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on 13 July 1999
With the eloquence of an angel, Janine Benyus captures and describes the rapidly emerging field of biomimicry. In this beautifully written "seed of hope", Janine reveals how Nature--in her complexity and intricacy--can provide the innovative solutions we as a society desperately seek as we strive for sustainability. Through clear, clever, and enjoyable writing, Janine tackles difficult scientific information and presents it in a manner digestible to even those that fear science! The book is full of wonderful examples ranging from biomimetic materials to agricultural systems to pharmaceuticals to industrial ecology. After reading this book, I can no longer look at the natural world in the same way. With over 3.8 billion years of research and at least 30 million case studies, Nature probably has the answer we are looking for. Every roadblock presented to me is now countered with the following question: "What would Nature do if she had to tackle the same problem?" As a biologist and a business person, I'm finding that the two have more in common that I previously thought. This book is on my number one list for life. I find myself carrying my page worn copy everywhere I go just so I can recommend it to everyone, including strangers! This book gives me hope for our society. If we can learn to look towards Nature as model, measure, and mentor, we might just stand a chance.
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on 28 May 1998
The details are complex but well explained, making for a very exciting and satisfying read. Biomimicry is elegantly written (not just a collection of separate chapters), with a soft personal side to the story. The science will make you want to run out and invest some money! Chapter on photosynthesis is life-changing!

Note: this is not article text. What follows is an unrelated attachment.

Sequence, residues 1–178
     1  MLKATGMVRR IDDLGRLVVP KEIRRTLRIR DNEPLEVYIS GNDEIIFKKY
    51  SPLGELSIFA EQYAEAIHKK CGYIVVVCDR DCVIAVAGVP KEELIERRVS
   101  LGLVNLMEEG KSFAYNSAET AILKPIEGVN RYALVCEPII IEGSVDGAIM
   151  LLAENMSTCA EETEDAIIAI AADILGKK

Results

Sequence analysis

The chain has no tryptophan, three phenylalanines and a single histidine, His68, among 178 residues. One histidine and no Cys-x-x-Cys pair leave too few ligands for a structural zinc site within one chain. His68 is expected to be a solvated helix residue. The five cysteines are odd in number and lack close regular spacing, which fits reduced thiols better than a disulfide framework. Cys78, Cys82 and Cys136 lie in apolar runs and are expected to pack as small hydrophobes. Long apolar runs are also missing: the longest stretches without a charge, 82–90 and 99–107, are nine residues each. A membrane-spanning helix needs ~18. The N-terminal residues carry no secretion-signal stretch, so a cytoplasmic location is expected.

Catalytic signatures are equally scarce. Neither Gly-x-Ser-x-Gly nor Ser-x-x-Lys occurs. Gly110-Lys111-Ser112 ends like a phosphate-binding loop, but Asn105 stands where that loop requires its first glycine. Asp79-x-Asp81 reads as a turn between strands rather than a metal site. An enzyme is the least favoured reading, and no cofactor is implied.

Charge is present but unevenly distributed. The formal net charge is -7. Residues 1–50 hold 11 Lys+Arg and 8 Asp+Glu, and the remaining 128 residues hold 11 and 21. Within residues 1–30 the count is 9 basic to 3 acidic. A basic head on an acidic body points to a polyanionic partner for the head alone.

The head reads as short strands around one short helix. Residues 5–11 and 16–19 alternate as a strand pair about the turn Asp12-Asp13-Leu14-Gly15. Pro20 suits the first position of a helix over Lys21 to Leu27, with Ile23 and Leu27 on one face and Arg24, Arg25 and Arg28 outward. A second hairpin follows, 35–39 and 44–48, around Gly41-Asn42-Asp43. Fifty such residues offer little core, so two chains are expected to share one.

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on 24 August 2013
I liked the fact video's could be accessed and loved the lead up to all the innovative stuff and most of all it left feeling hope. A good informative book. Would now like to follow it up with earth dance.
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on 16 July 1999
Where can we find the best solutions to the many technical, environmental, social and economic problems that beset us?
In this wonderful book Benyus shows us that nature can teach us valuable lessons. "In the 3.8 billion years since the first bacteria, life has learned to fly, circumnavigate the globe, live in the depths of the ocean and atop the highest peaks, craft miracle materials, light up the night, lassoo the sun's energy, and build a self-reflective brain...living things have done everything we want to do, without guzzling fossil fuel, polluting the planet, or mortgaging their future. What better models could there be?"
By adopting a little humility and treating nature as a model, a measure, and a mentor, she argues, we can catch up on the lessons nature has had millions of years to learn. Benyus writes like an angel, her prose conjuring vivid images as she takes us with her on a journey to explore what Biomimics are doing in material science, medicine, computing, energy, agriculture, and business. Her journalistic style does not shrink from the intricacies of photosynthesis and relishes the wonders of mussel tethering techniques, but always keeps the wider picture in view.
I found myself wanting to push the fast-forward button - to the time when prarie-style agriculture is widely adopted; materials are made at room-temperature in life-friendly conditions with no toxicity; and our economy is modelled on a rainforest, not a ragweed. Readers of this book could be those who will help get us there faster. Enjoy!